Top Five Phoenix Food Stories of the Week

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Charleen Badman: On Lori Hashimoto, Chris Bianco's Mom, and the Kitchen Phrase That Gets Under Her Skin

Charleen Badman is a classic bundle of contradictions. At first blush (and she'd be the one blushing), her blue eyes and open expression suggest the wholesomeness of a farm girl, an impression her quiet demeanor only fosters. Then you notice the tatts and the blond hair tinted an alarming shade of orange. But wait, what? The tattoos -- one of a leek and another of Ganesha, the Hindu god of knowledge, wisdom, and wealth -- seem more like thoughtful talismans than showy arm art. Is she spiritual, this aproned earth mother who speaks softly but with a shockingly sardonic tone? As a darling of the media world -- beloved locally and noticed by national publications such as Food & Wine -- you'd think she'd enjoy basking in the attention that comes with the accolades, but she keeps her head down and works her station, leaving the schmoozing to her partner, Pavle Milic. Badman scoffs at the term "celebrity chef." In fact, she scoffs at the term "chef," rejecting the glamorized BS that so often comes with her job these days.

Read the complete Chef Salad with FnB's Charleen Badman.

--Nikki Buchanan

Old Dixie's in the Welcome Diner: The Coolest Place You (Probably) Haven't Been to Yet

If you're Old Dixie's, owned and operated by Michael Babcock and Jenn Robinson, you keep on making the same killer Southern eats but in a retro-cool, 200-square-foot Depression-era diner in Central Phoenix.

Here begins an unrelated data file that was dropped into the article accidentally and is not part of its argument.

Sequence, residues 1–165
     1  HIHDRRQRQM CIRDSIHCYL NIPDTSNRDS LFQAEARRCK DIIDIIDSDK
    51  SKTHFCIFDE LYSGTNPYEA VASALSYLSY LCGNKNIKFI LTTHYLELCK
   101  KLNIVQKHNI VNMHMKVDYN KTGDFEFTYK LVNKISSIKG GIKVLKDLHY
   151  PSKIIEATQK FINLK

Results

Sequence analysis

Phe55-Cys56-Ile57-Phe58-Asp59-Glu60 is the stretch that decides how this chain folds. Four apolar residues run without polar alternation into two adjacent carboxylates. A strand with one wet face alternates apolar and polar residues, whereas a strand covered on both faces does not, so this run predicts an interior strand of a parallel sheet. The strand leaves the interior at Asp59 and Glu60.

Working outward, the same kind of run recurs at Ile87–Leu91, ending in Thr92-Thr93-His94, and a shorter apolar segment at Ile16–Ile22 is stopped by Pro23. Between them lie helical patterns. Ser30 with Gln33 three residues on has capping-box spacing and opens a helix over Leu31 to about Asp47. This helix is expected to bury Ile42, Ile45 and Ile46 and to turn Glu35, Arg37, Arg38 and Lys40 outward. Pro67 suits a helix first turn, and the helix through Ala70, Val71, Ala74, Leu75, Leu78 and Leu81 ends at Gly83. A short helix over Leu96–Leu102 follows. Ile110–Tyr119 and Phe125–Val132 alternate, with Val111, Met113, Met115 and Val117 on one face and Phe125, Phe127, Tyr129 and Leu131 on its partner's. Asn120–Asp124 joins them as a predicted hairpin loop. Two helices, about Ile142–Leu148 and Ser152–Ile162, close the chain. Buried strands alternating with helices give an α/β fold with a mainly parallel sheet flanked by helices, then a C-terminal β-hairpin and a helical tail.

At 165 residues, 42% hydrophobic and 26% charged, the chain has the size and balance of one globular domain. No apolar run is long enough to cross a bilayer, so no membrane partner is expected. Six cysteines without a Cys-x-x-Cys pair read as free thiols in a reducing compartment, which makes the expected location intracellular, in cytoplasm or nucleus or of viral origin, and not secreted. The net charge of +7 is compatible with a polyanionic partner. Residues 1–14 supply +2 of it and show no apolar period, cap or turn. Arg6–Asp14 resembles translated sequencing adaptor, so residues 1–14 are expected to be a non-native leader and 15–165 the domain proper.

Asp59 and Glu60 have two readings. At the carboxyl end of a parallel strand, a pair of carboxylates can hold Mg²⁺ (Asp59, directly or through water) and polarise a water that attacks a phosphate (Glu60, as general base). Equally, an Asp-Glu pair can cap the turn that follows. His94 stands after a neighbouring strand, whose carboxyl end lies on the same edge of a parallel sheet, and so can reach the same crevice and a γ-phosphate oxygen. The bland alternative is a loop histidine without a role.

The menu is mostly the same as it was on the truck: Southern-style sandwiches and sides made with locally sourced ingredients. There is dinner, a weekend brunch, and, because of its diner home, there are burgers, too -- one even topped with peanut butter -- but they are not why you've come here.

Read the full first taste of Old Dixie's to find out what we loved.

--Laura Hahnefeld

Celebrity Chef Charity Dinner at Praying Monk in Scottsdale on March 10

Under normal circumstances, we'd have to log quite a few miles in order to enjoy plates created by Aaron May, Christopher Gross, Matt Carter, and Josh Herbert in one night. And that's assuming we'd be able to stuff ourselves with that much food.

It won't be a problem, however, on March 10 when the Phoenix culinary stars will align for a night of wining and dining -- and for a good cause.

Oh, and Vikings fans, they've got a celebrity sports host whom you might want to see.

Check out the complete story.

--Lauren Saria

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Eric Tsetsi
Contact: Eric Tsetsi